an excuse to the people at home, and unite them with him in an opinion of the necessity of pushing hostilities against us. On the contrary the delegates and and other persons from all parts, are unanimously very sanguine that if Boston and the Massachusetts can possibly steer a middle course between obedience to the acts, and open hostilities with the troops, the exertions of the colonies will procure a total change of measures and full redress for us.. However, my friend, I can not at this distance, pretend to judge. We must leave it all to your superior wisdom. What you propose, sir, of holding out some proposal which shall shew our willingness to pay for our protection at sea, is a subject often mentioned in private conversation here. Many gentlemen have pursued the thought and digested their plans, but what is to be the fate of them I can not say. It is my opinion, sir, that we do our full proportion towards the protection of the empire, and towards the support of the naval power. To the support of the standing army, we ought never to contribute voluntarily. A gentleman put into my hands a plan, a few days ago, for offering to raise £200,000 sterling annually, and to appropriate it for the maintenance of a ship of war. But is not this surrendering our liberty P I have not time, however, to discuss these questions at present. I hope to have the pleasure of considering these things in private conversation. Mean time I pray God to direct, assist, and protect you, and all our friends, amidst the dangers that surround you. Am glad to hear Mr. Cranch is about taking refuge at Braintree. I wish every living creature, except the tories, was well provided for in the country. My respects to all your worthy family. I remain with great respect, your friend and humble servant, John ADAMs.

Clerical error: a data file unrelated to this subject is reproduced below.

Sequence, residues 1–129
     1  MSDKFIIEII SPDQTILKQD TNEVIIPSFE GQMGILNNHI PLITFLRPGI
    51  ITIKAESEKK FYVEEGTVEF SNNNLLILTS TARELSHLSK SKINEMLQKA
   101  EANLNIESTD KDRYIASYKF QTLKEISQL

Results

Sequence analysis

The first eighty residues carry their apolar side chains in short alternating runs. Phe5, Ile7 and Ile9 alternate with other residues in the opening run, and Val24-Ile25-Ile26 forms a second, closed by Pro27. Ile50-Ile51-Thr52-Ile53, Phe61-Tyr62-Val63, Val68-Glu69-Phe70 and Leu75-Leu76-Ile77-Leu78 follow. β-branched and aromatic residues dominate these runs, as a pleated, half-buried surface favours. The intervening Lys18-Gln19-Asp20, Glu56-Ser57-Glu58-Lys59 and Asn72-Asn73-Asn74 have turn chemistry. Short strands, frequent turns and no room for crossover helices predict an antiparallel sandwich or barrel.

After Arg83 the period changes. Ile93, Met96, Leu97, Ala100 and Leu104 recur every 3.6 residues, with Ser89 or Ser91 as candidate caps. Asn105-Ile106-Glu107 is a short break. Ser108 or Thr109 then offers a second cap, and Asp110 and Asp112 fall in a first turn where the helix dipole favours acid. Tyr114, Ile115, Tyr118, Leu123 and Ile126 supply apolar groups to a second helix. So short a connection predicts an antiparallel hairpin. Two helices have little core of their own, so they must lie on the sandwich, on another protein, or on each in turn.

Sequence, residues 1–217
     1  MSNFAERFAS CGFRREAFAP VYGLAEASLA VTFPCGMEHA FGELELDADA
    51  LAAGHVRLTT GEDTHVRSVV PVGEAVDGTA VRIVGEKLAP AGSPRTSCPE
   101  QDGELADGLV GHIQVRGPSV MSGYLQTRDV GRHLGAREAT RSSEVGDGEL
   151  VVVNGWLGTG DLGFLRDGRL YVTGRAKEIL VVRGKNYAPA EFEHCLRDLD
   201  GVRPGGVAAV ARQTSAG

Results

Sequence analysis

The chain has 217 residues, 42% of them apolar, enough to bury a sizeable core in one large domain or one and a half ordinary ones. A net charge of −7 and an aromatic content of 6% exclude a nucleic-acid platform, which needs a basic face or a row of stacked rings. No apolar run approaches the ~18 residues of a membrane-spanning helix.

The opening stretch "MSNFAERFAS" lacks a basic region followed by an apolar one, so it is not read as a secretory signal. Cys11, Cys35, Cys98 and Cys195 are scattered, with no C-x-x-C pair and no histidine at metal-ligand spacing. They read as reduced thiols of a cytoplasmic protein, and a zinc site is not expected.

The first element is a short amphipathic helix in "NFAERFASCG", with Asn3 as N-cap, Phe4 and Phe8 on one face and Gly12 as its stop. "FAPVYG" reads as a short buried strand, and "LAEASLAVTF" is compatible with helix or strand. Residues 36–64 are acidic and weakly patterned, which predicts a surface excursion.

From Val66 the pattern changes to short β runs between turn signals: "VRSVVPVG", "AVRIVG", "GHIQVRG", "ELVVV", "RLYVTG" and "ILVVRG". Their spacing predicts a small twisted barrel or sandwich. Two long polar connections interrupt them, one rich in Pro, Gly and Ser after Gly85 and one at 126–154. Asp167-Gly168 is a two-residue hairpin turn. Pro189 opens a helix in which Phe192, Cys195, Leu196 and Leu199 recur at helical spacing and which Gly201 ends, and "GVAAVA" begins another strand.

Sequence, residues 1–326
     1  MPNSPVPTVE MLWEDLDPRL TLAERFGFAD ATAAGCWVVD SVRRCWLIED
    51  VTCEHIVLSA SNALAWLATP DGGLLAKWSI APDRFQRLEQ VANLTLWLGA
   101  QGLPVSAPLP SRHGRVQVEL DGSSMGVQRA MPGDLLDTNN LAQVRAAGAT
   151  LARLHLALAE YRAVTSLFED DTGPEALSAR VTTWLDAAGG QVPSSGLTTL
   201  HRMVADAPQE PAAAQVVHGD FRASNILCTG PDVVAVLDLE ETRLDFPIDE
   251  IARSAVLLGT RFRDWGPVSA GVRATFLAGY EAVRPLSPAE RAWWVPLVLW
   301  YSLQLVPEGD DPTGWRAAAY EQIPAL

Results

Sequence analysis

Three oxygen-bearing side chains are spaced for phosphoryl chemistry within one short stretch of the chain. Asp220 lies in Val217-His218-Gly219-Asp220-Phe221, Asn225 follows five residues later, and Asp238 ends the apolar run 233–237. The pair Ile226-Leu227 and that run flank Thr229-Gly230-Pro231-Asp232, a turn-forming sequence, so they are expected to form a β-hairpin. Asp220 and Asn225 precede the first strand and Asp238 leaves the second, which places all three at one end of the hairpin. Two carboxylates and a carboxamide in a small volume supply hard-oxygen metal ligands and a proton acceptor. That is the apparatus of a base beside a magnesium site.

To Mr. Joseph PALMER, Germantown. Boston, January 14th, 1775.

Dear Sir–I hope your health is by this time perfectly recovered. Mr. Gridley (as an engineer) is (I apprehend) much wanted. We have an opportunity of obliging him which will I believe secure him to us in case of necessity. The furnace held by him and Mr. Quincy is held as security for £250 of money. Mr. Pitts has this money and is willing to lend it if the security is good. He confides in your judgment, begs you would visit the furnace, know what it is worth, as it now stands, and what the place would be worth if fire should destroy the buildings. If you can settle this matter, I think you can do the cause an essential service. I need not urge you to undertake this affair. Your zeal in the cause of your country is a sufficient stimulus.

I am, sir, your most obedient servant, Joseph WARREN.

To Mrs. PALMER.

Concord, April 3d, 1775.

My dear Friends—I have only time, by my son, to write a few lines; you are much upon my heart, as the best wife and children ought to be. I rejoice that your spirits keep up so well amidst these difficulties; be not discouraged. He that is the highest rules and governs all. I thank Polly for her favor; it was very acceptable. I have written the captain of the militia and to the selectmen; and the call is now to Congress. I have given my son directions about packing up some of the most valuable effects not in use ; he will give you all the news, and let you know how I am engaged. I must add that I beg you to acquaint my friend Alleyne of my advice to you; I shall watch as well as I can, and advise farther, as occasion offers.

I remain, my dear wife and children, your ever affectionate friend, - J. PALMER.